• $IFS (Input Field Separator) determines how sh splits strings into words.


Quoting
Quoting

  • Single quotes : anything inside them (except a single quote) is quoted.

  • A backslash inside single quotes also loses its special meaning

  • Double quotes : preserve spaces and most special characters. However, variables and backquoted expressions are expanded and replaced with their value.

  • Backquotes : the expression is evaluated as a command

  • A backslash (“\'') removes any special meaning from the character that follows.

  • The backslash is itself special, so to escape it, just double it: \\.


Flow control
Flow control

  • #!/bin/sh

    myname=`whoami`

    if [ $myname = root ]; then

    echo "Welcome to FooSoft 3.0"

    else

    echo "You must be root to run this script"

    exit 1

    fi


While for
While & For

  • while condition; do commandsdone

  • for i in foo bar baz "do be do"; do

    echo "$i"

    done


I o redirection
I/O redirection

  • “< filename” Connect standard input to the file filename. This allows you to have a command read from the file.

  • “> filename” Connect standard output to the file filename. This allows you to save the output of a command to a file. If the file does not exist, it is created. If it does exist, it is emptied before anything happens.


I o redirection contd
I/O redirection (contd.)

  • “>> filename”Connects standard output to the file filename. Unlike >, however, the output of the command is appended to filename.

  • “command1 | command2”  Creates a pipeline: the standard output of command1 is connected to the standard input of command2.


Functions
Functions

  • When a group of commands occurs several times in a script, it is useful to define a function.

  • name () { commands}


Useful utilities
Useful utilities

  • basename : basename pathname prints the last component of pathname.

    • basename /foo/bar/baz prints baz

  • dirname : dirname pathname prints all but the last component of pathname, that is the directory part: pathname

    • dirname /foo/bar/baz prints /foo/bar


[

  • /bin/[ is another name for /bin/test.

  • It evaluates its arguments as a boolean expression, and exits with an exit code of 0 if it is true, or 1 if it is false


Contd
[ (contd.)

  • -e filename

    • True if filename exists.

  • -d filename

    • True if filename exists and is a directory.

  • -r filename

    • True if filename exists and is readable.

  • s1 = s2

    • True if the strings s1 and s2 are identical.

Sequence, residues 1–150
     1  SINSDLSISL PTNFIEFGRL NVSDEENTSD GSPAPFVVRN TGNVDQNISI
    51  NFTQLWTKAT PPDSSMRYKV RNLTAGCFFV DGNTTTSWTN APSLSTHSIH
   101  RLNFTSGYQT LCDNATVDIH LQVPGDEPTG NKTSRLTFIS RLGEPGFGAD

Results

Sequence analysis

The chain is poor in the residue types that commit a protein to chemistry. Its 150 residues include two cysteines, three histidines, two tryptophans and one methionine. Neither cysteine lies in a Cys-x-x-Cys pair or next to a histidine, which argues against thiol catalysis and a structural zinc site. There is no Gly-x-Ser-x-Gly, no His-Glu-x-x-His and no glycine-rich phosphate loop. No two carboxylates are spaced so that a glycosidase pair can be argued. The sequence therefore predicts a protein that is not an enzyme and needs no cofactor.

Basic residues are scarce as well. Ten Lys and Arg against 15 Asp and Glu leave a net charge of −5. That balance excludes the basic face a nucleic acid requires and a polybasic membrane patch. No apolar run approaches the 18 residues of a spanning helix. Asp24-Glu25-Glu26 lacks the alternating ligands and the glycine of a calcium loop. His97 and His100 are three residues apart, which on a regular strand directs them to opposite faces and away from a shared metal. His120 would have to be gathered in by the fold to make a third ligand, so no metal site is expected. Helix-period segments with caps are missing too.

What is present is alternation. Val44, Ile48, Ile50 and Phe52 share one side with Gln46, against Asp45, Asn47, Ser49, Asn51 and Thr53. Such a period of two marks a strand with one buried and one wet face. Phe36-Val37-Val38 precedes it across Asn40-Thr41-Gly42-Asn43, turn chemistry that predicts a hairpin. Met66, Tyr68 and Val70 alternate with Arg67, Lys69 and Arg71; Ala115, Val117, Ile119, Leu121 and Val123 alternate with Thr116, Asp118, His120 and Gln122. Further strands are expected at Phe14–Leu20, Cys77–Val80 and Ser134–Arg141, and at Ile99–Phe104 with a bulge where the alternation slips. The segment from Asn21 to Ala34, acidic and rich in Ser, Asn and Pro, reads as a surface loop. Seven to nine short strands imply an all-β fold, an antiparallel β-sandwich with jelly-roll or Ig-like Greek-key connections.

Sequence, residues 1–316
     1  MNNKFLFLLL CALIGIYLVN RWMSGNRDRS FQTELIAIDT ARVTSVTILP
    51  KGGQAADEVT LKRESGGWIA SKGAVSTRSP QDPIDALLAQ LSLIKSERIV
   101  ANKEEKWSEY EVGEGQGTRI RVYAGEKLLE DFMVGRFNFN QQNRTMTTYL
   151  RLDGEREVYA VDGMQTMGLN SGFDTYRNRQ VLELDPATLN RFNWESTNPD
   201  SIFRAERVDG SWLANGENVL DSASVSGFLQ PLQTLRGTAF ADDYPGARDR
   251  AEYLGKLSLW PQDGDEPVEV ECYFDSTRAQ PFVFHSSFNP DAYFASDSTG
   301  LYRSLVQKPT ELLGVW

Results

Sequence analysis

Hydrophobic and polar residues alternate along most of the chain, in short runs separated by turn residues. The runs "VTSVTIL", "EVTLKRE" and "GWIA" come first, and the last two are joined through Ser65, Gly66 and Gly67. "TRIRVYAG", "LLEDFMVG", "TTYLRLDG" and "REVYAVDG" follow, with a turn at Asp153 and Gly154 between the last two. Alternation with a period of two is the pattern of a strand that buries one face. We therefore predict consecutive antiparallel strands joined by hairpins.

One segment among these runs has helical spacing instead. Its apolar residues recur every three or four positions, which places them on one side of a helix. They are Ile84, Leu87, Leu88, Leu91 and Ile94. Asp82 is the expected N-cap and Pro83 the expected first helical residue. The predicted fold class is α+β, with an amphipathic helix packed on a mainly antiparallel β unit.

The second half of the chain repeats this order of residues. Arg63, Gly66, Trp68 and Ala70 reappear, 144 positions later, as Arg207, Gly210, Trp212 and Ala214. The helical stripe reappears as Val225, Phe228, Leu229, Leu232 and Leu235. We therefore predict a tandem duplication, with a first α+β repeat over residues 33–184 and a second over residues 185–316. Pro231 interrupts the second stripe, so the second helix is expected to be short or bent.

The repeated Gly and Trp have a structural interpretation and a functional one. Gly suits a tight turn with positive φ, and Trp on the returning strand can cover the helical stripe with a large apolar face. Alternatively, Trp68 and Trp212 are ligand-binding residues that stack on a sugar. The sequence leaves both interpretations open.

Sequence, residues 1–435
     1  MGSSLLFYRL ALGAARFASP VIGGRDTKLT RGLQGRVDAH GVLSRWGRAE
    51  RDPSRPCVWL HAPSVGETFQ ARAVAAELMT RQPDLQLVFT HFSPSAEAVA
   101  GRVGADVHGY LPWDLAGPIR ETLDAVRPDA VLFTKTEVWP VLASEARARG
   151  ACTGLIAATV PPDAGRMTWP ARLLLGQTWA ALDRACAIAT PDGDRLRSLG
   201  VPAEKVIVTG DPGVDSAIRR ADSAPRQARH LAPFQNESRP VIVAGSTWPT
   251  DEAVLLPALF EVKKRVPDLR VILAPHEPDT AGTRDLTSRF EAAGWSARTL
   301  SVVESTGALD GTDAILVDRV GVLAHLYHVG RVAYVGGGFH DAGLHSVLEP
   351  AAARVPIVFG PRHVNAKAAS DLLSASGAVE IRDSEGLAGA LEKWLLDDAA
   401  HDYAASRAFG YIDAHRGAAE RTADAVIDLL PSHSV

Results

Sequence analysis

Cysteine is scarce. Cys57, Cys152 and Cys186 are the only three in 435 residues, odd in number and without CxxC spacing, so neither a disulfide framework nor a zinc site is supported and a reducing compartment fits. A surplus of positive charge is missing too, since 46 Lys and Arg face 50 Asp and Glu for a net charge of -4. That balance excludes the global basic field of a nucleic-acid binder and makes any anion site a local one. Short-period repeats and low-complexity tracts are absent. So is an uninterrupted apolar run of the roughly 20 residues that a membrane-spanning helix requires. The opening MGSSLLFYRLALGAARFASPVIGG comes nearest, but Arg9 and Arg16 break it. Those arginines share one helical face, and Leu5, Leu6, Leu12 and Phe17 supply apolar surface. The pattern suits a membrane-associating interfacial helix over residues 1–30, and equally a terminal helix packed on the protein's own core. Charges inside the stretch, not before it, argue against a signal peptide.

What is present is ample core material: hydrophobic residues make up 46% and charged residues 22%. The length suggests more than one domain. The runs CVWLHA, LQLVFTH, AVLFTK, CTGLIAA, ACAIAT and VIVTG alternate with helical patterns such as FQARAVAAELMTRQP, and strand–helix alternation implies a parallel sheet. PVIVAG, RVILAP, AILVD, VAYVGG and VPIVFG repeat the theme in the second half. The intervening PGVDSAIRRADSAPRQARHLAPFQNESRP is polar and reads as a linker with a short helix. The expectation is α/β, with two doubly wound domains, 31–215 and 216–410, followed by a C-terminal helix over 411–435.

• s1 != s2

    • True if the strings s1 and s2 are not identical.

  • n1 -eq n2

    • True if the numbers n1 and n2 are equal.

  • n1 -ne n2

    • True if the numbers n1 and n2 are not equal.

  • expr1 -a expr2

    • True if both expressions, expr1 and expr2 are true.


Sed strem editor
SED (Strem EDitor)

What is Sed ?

  • A “non-interactive” text editor that is called from the unix command line.

  • Input text flows through the program, is modified, and is directed to standard output.


Sed contd
SED (contd.)

  • sed -e '/^#/d’

  • sed -e 's/foo/bar/g'


Regular expressions

Sed uses regular expressions to match patterns in the input text, and then

perform operations on those patterns.

^ matches the beginning of the line

$ matches the end of the line

. Matches any single character

\ Escapes any metacharacter that follows, including itself.

(character)* Match arbitrarily many occurences of (character)

(character)? Match 0 or 1 instance of (character)

(character)+ Match 1 or more instances of (character)

[abcdef] Match any character enclosed in [ ] (in this instance, a b c d e or f)

[^abcdef] Match any character NOT enclosed in [ ]

(character)\{m,n\} Match m-n repetitions of (character)

(character)\{m,\} Match m or more repetitions of (character)

(character)\{,n\} Match n or less (possibly 0) repetitions of (character)

(character)\{n\} Match exactly n repetitions of (character)

\{n,m\} range of occurrences, n and m are integers

\(expression\) Group operator.

expression1|expression2 Matches expression1 or expression 2.

() groups regular expressions

Regular Expressions


Regular expressions character classes
Regular Expressions (character classes)

The following character classes are short-hand for matching special characters.

[:alnum:] Printable characters (includes white space)

[:alpha:] Alphabetic characters

[:blank:] Space and tab characters

[:cntrl:] Control characters

[:digit:] Numeric characters

[:graph:] Printable and visible (non-space) characters

[:lower:] Lowercase characters

[:print:] Alphanumeric characters

[:punct:] Punctuation characters

[:space:] Whitespace characters

[:upper:] Uppercase characters

[:xdigit:] Hexadecimal digits


AWK

  • Awk (and its derivatives, nawk and gawk) is a full-fledged scripting language.

  • Inside sh scripts, it is generally used for its ability to split input lines into fields and print one or more fields.



Awk contd1
AWK (contd.)

  • awk -F : '{print $1, $3 }' /etc/passwd

  • The -F : option says that the input records are separated by colons. By default, awk uses whitespace as the field separator.

  • Sum up column 2 and print the total

    {total += $2} END { print total}


Awk example
AWK Example

  • Print fields in reverse order one per line

    {

    for (i=NF; i>=1; i--)

    print $i;

    }


End of lab 1

END OF LAB-1

LABWORK TIME!...